At the start of 2007, it is worth taking a look at the state of cigar smoking in the United States. The past year can best be described in terms of good news/bad news.
The good news is that cigar sales are strong. Most companies are reporting solid increases, and they are bringing new products to market. When the final numbers are in, we expect to see the fourth consecutive year of growth. And consumers know that the cigars today are better than ever. Check out our Top 25 story (page 58), and you'll see what we're talking about.
The bad news, however, is almost overwhelming. In the November elections, voters in four more states passed bans that will restrict smoking in most public places. In Nevada, voters passed a law that will make it impossible to smoke in casinos (although the ban is being challenged in court). Similar wide-ranging bans passed in Ohio, Arizona and Hawaii.
That's just the tip of the iceberg. Colorado passed a smoking ban last March; bar owners have sued to have the restrictions lifted. In Pennsylvania, some counties have already passed stringent antismoking regulations, but other counties have resisted adopting bans.
New Jersey's ban took effect in January last year, and it extended to nongaming areas in Atlantic City. Washington, D.C.'s law took effect November 5, and it even prohibits smoking in tobacco shops, something that most laws nationwide have allowed.
Amazingly enough, those laws sound downright reasonable in the face of some of the other regulations that have been proposed or passed around the country. Belmont, California, for instance, has proposed a smoking ban that would extend to all outdoor locations in the city, plus private cars. The only approved smoking places would be inside detached single-family homes. While the measure must be submitted to the full city council, it is expected to pass. The Belmont initiative would take the honor of being the nation's most restrictive law from Calabasas, California, which John Salley wrote about for us in 2006; that law just covered the great outdoors, not cars.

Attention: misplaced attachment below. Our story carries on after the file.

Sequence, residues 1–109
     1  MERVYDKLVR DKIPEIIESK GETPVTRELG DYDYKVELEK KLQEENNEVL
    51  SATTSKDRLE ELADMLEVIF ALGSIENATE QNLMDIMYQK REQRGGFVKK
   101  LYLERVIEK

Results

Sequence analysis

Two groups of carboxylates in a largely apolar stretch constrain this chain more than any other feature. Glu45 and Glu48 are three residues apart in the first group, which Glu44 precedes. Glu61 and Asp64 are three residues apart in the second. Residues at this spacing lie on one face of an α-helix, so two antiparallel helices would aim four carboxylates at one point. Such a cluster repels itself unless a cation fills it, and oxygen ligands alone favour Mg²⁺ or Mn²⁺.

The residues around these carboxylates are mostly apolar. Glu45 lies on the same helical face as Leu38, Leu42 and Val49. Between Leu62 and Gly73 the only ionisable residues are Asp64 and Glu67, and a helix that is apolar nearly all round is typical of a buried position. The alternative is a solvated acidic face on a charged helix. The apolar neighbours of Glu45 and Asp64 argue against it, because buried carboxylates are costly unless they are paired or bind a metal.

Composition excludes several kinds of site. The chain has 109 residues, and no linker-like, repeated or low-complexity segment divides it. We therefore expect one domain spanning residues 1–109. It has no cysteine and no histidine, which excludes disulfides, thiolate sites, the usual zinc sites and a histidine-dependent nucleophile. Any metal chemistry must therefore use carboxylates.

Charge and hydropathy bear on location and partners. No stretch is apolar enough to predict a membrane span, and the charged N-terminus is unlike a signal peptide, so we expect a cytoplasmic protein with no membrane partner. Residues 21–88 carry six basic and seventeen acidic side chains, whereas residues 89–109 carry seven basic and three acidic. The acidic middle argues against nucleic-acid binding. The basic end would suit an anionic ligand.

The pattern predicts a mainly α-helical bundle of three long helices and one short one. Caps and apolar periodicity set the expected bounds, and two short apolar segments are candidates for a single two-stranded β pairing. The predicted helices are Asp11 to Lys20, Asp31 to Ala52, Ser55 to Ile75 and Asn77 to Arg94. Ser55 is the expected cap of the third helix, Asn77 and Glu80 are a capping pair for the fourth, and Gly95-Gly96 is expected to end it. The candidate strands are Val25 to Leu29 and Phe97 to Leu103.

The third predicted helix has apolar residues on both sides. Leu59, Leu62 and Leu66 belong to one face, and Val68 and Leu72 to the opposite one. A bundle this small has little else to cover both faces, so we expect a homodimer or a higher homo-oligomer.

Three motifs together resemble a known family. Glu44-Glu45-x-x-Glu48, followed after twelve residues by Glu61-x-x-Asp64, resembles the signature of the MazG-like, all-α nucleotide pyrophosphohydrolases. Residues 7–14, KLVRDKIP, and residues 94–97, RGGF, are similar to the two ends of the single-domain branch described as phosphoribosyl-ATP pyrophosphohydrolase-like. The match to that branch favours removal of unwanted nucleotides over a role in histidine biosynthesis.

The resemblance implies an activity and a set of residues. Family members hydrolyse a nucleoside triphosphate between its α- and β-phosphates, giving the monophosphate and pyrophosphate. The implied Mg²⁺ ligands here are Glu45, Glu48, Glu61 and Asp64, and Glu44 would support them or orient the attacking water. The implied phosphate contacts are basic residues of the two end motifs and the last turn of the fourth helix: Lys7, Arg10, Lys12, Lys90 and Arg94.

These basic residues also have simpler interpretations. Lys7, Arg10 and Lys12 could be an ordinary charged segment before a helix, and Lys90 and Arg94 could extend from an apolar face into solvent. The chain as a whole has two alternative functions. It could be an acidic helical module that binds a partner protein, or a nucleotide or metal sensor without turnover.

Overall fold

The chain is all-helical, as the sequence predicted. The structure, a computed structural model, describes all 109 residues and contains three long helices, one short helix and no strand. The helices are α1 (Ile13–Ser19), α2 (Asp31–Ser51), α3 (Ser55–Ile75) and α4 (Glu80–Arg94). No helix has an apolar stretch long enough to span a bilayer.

Of course, that's not all. Santa Fe, New Mexico, strengthened its existing law to include outdoor sections of restaurants, and then added a restriction prohibiting smoking within 25 feet of any doorway. Suffolk County, New York, had passed regulations in 2003 that were stricter than New York City's because they didn't allow exemptions for cigar bars. That provision had not been enforced, but after the tourists had left the East End of Long Island, following the Labor Day weekend last year, authorities began fining Suffolk County's cigar bars.
If there was any good news, it came, ironically, from California. Voters rejected a 135 percent increase in tobacco taxes, including a shelf tax that would have put most tobacconists out of business. While the referendum result was probably a victory for the antitax crowd, not the pro smokers, it nonetheless slowed the onslaught against smokers.
We've said it many times. You cannot be complacent in your home community. Stand up and make your voice heard. It may be hard to stop the tide, but you can argue for compromise, retaining the idea that with good ventilation and separate areas, smokers can be allowed to enjoy a legal product. It's not too late. But don't wait.
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